Realtors from across the state visited the Capitol on Wednesday.  I had the pleasure of meeting with Judy McKovich and Ed and Donna Peterson who are all realtors in the District 125 area.

Realtors from the Sedalia area stopped by to visit with me on Wednesday to advocate for legislation coming up during the 2018 session.

CAPITOL REPORT- January 25, 2018.  On my way to the Capitol on Monday I stopped by 2 coffee caucuses in Warsaw.  The first was at the Boring Rexall Drug Store, and the second was at McDonald’s.  It’s a great way to visit, listen to local concerns, and keep up on community events.  Two new construction projects underway are the new American Legion Hall building to replace the structure that had arson fire damage last Spring, and a new Casey’s store is going up just north of McDonald’s in Warsaw.

Big issues being discussed in committees this week were:  expanding broadband, repealing Prevailing Wage, utility rate adjustments, and industrial hemp. 

The State of the Judiciary address was delivered by Chief Justice Zel Fischer on Wednesday.  He focused on the opioid crisis and encouraged more funding for treatment. "Drug overdose is the leading cause of accidental death in the United States, with the rate of overdose deaths involving opioids continuing to climb," Fischer reminded lawmakers. "Missouri lost 1,066 people in 2015 and 1,371 people in 2016 to drug overdose. This is a staggering increase in deaths." Fischer mentioned that some people charged with drug or alcohol related crimes, usually first-time offenders, are given the opportunity to work through their issues and addictions rather than just be sentenced to prison through successful treatment courts across the state.  Fischer said drug courts are more cost-effective than any other criminal justice strategy to address the growing problem.   He pledged to work with lawmakers to help make the treatment courts available in every jurisdiction in the state.

Another event that I attended this week was led by former Lt. Gov. Joe Maxwell.  He, along with former Senator Wes Shoemyer, advocate for Family Farm Action, Organizations for Competitive Markets, and Human Society of the United States.  Maxwell and Shoemyer paint a picture with a wide brush of doom and gloom for Missouri farmers and rural communities.  They are anti Farm Bureau, MO Cattlemen’s, MO Pork, MO Corn, MO Soybean, MO Rice and other well-known farm organizations.  To hear them tell their story, we have no fair markets for livestock and grains.  They try to stir anger and fear in Missouri about foreign ownership of agricultural land.  My first year in the legislature, we passed a state statute that drew a line in the sand which capped the allowable acreage for foreign ownership at 1%.  Currently, foreign ownership is only .5% of the 1% allowed.  I certainly agree that this needs to be continuously tracked and transparent so that it does not exceed the 1% limit.  –Just a word of caution to Missourians:  Be wary of the so called “Farmers Bill of Rights for Missourians.”  It sounds good on the surface, but the devil is in the details.  I am always willing and available to attend meetings to explain this.  It’s interesting that the Family Farm Action group chose this name with the same acronym as Future Farmers of America.  Don’t be deceived.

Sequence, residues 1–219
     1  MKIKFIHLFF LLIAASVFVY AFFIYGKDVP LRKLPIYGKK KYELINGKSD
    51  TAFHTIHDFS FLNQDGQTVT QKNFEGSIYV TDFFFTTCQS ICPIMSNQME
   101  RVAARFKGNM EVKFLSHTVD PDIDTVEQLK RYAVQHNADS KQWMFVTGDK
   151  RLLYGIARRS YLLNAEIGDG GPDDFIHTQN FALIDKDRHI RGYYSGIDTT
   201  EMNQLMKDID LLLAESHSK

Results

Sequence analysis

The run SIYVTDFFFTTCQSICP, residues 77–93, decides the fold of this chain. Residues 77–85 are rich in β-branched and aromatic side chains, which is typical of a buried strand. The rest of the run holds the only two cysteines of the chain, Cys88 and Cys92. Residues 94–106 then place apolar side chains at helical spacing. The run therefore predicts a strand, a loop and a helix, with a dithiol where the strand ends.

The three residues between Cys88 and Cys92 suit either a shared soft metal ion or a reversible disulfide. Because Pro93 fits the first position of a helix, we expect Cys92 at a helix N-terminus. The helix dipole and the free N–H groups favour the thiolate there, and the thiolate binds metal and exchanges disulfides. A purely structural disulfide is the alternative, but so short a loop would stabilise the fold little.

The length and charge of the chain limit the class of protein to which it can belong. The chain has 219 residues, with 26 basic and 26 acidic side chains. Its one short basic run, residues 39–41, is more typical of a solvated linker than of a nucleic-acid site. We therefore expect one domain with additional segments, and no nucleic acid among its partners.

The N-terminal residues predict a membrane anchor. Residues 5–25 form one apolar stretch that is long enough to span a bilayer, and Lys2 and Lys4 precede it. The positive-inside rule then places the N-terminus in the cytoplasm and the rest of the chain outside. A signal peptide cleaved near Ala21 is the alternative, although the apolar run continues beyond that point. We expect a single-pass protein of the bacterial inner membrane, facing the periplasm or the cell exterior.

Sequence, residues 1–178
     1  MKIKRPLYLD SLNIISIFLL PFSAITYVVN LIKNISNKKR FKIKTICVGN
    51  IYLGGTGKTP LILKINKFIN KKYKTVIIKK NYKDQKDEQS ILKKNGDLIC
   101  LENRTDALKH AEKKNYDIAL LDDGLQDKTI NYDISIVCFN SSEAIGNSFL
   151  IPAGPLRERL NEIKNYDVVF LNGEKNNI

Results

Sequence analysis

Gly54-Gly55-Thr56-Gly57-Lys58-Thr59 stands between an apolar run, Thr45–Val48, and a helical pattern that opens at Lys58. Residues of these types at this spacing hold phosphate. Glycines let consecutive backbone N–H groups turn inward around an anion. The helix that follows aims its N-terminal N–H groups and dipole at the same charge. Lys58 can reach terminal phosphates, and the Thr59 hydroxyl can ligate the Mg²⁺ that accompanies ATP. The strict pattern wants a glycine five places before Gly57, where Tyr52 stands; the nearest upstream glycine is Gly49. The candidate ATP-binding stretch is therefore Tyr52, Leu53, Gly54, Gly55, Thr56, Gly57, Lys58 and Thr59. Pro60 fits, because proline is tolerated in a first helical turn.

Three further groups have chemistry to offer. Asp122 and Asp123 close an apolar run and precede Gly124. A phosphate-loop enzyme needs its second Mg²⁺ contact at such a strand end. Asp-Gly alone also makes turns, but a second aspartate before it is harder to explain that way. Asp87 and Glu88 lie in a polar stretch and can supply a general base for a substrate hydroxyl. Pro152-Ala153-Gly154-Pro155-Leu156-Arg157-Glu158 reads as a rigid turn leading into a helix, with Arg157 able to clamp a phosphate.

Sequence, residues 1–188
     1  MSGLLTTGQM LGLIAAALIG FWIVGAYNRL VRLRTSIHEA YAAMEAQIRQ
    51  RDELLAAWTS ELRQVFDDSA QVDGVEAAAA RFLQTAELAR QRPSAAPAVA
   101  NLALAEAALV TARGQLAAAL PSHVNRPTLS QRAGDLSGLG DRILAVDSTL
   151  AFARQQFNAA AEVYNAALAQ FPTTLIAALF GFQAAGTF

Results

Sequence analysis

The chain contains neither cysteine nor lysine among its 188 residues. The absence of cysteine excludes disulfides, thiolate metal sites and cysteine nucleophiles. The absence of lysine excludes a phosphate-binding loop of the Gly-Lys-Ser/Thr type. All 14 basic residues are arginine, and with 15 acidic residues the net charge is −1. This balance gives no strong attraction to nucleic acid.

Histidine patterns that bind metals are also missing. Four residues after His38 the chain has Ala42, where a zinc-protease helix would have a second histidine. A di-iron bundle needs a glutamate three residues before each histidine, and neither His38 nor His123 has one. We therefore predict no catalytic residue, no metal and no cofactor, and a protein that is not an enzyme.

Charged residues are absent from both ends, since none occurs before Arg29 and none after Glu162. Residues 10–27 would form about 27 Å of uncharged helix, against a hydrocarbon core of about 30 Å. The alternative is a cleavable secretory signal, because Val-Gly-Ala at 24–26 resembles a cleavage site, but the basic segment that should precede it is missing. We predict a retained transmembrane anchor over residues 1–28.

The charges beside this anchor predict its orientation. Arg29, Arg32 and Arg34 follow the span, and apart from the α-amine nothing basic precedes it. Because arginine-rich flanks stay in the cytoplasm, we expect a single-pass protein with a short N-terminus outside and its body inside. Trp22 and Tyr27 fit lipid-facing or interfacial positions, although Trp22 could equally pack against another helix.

I received a visit from Deb and San Simaitis on Tuesday.  They were at the Capitol to promote organ donation education in the classroom.  Deb serves as the Chair of the Governor’s Organ Donation Advisory Committee.  DONATE LIFE AWARENESS DAY will take place on April 10th at the Capitol honoring donors and recipients.


Missouri is one of the top states for farmers’ markets in the nation with nearly 300 farmers’ markets that provide venues for agricultural producers to sell their products directly to consumers. The Missouri Department of Agriculture (MDA) has announced the Farmers’ Market Promotion Matching Grant Program to support the promotion and advertisement of Missouri’s farmers’ markets.  Applications for this grant must be received by February 15th, with the application available at http://agriculture.mo.gov/abd/financial/pdf/farmersmarketapp.pdf.

The Farmers’ Market Promotion Matching Grant Program, funded through MDA, awards grants of up to $1,000 for reimbursement of expenses associated with promoting farmers’ markets in local communities. Projects should promote the farmers’ market in the local community and improve understanding, perception, knowledge and location of the farmers’ market. This is a competitive grant program, and funds may be used to assist farmers’ markets in developing promotional and advertising materials. Funds may also be used to increase community awareness about market locations, times of operation and types of products sold.  Examples of eligible expenses include digital and print media, signage, billboards, advertisements, marketing and graphic design.